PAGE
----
A while back, a friend of mine, Francesco Amati, began showing off a Modern deck of which he was quite proud. It was an Esper Control list he had been toiling over for some time. The deck eventually added Narset Transcendent, and Francesco kept encouraging me to try it while he was promoting it through his social media channels, including a Facebook group for those interested the archetype.
This week, with the addition of Fatal Push and while on my search for a Modern Monday list, I decided to try it out. The following is one version of the deck that went 5-0 in a Modern League in the hands of Magic Online user Bornich.
As you can see, it’s how you’d envision a pretty standard Esper Control list with a decent planeswalker package, tons of 1-mana removal, and a full set of Esper Charms, which are especially versatile in this format. I always complain about white decks not having ways to deal with enchantments in the sideboard, and this one has 4 built in. This is great against problematic cards like Blood Moon or Stony Silence (just kidding). After all the hype Francesco created around the deck, I was eager to try it out.
While I did end up losing to two of the more aggressive decks in the format, I was pleased with how the deck performed. I think a lot of Magic is about the way a deck “feels.” Sometimes when you’re playing a game or a match, you might feel like something is off. Or you might feel like you’re always falling behind. A lot of time that I’m preparing for an event, I don’t play a million matches against every potential deck—I just play enough to get a feel for my own deck, along with how and when I should be casting spell or attacking or how things interact. Sometimes, even if you lose, you can still get a positive sense of your deck in those games, and I had that.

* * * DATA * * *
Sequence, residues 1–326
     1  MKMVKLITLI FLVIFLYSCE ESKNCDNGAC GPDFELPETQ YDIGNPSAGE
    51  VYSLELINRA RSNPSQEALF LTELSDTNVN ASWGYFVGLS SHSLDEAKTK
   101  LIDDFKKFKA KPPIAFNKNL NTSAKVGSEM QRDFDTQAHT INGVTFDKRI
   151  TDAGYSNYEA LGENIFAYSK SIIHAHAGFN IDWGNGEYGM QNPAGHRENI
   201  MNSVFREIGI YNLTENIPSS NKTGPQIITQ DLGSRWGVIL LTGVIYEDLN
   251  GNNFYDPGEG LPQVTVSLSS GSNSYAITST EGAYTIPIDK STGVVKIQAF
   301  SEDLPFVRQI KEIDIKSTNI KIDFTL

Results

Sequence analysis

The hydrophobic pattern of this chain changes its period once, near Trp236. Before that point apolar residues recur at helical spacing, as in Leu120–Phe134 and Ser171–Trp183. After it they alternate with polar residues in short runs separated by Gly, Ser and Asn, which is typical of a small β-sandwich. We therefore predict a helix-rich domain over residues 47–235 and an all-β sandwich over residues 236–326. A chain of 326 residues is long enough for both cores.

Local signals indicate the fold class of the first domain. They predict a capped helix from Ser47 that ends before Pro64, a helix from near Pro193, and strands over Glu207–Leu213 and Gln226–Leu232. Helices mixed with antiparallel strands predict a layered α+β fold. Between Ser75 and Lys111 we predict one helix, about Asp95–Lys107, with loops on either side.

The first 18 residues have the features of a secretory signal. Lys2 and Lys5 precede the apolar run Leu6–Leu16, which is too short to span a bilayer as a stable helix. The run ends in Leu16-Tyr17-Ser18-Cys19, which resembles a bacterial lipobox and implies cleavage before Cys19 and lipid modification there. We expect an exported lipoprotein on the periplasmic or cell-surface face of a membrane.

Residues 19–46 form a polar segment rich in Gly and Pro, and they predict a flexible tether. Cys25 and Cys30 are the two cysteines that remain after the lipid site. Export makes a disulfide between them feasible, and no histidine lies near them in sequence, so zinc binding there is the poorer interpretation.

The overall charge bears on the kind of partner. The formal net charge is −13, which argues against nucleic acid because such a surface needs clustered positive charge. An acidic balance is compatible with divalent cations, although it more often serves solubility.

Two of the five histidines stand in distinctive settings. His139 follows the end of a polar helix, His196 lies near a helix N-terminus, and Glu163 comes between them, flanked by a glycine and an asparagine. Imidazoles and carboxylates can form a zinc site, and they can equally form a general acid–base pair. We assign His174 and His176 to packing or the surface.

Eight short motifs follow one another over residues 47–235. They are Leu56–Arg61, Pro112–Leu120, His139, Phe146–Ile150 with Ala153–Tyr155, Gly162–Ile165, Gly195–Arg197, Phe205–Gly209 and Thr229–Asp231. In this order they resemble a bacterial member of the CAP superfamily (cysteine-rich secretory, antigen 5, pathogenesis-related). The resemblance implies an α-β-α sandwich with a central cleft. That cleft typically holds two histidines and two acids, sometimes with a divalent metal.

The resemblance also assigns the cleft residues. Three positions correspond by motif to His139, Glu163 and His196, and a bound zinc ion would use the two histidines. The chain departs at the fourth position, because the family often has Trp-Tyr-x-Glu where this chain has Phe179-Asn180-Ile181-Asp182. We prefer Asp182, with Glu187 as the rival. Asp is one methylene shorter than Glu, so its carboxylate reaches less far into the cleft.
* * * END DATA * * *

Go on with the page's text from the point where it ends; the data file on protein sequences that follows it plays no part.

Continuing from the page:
For example, I think my Burn opponent drew incredibly well, and I also could have timed my life gain a little differently. Against the Death’s Shadow deck, I think I got a little flustered on mana, and I might have been able to navigate a little more precisely to come out on top. Or maybe not, and sometimes you just lose some games. Either way, I don’t think the deck lacks the tools to win matches like that by any means.
I would love to add a couple copies of Timely Reinforcements to the sideboard. Considering that my two losses were to aggressive decks that have creatures you’d want to block, the 6 life and 3 extra troops could be a huge boon. Being able to flash them back is also pretty good. You also might want to consider some number of counterspells. I’m partial to Cryptic Command, but something like Mana Leak could also get the job done.
One mistake I made was to keep in a good deal of the planeswalkers against the aggressive decks. Unfortunately, I have a hard time cutting a deck’s flagship cards, especially when I’m in the process of trying them out. I really want to get a feel for Narset Transcendent in action, and I did manage to get her emblem out in one game against Tron, which was huge.
Another problem with the deck, which is really a necessary evil, is that it has a somewhat clumsy mana base. Unfortunately, this isn’t really easy to change. You want a ton of colors for Snapcaster Mage + whatever you flashback, Supreme Verdict, and Esper Charm. You also have some of the most efficient creature lands, which forces you to have a number of lands that enter the battlefield tapped. While this was rarely a deal breaker, it would be nice to take a little less damage from your lands when 13 of them can cause you some amount of life loss.
If you’re a fan of control decks and are looking for a fun one in Modern, this is a great option, especially now with cards like Fatal Push and Blessed Alliance. Be sure to give it a try if you get the chance!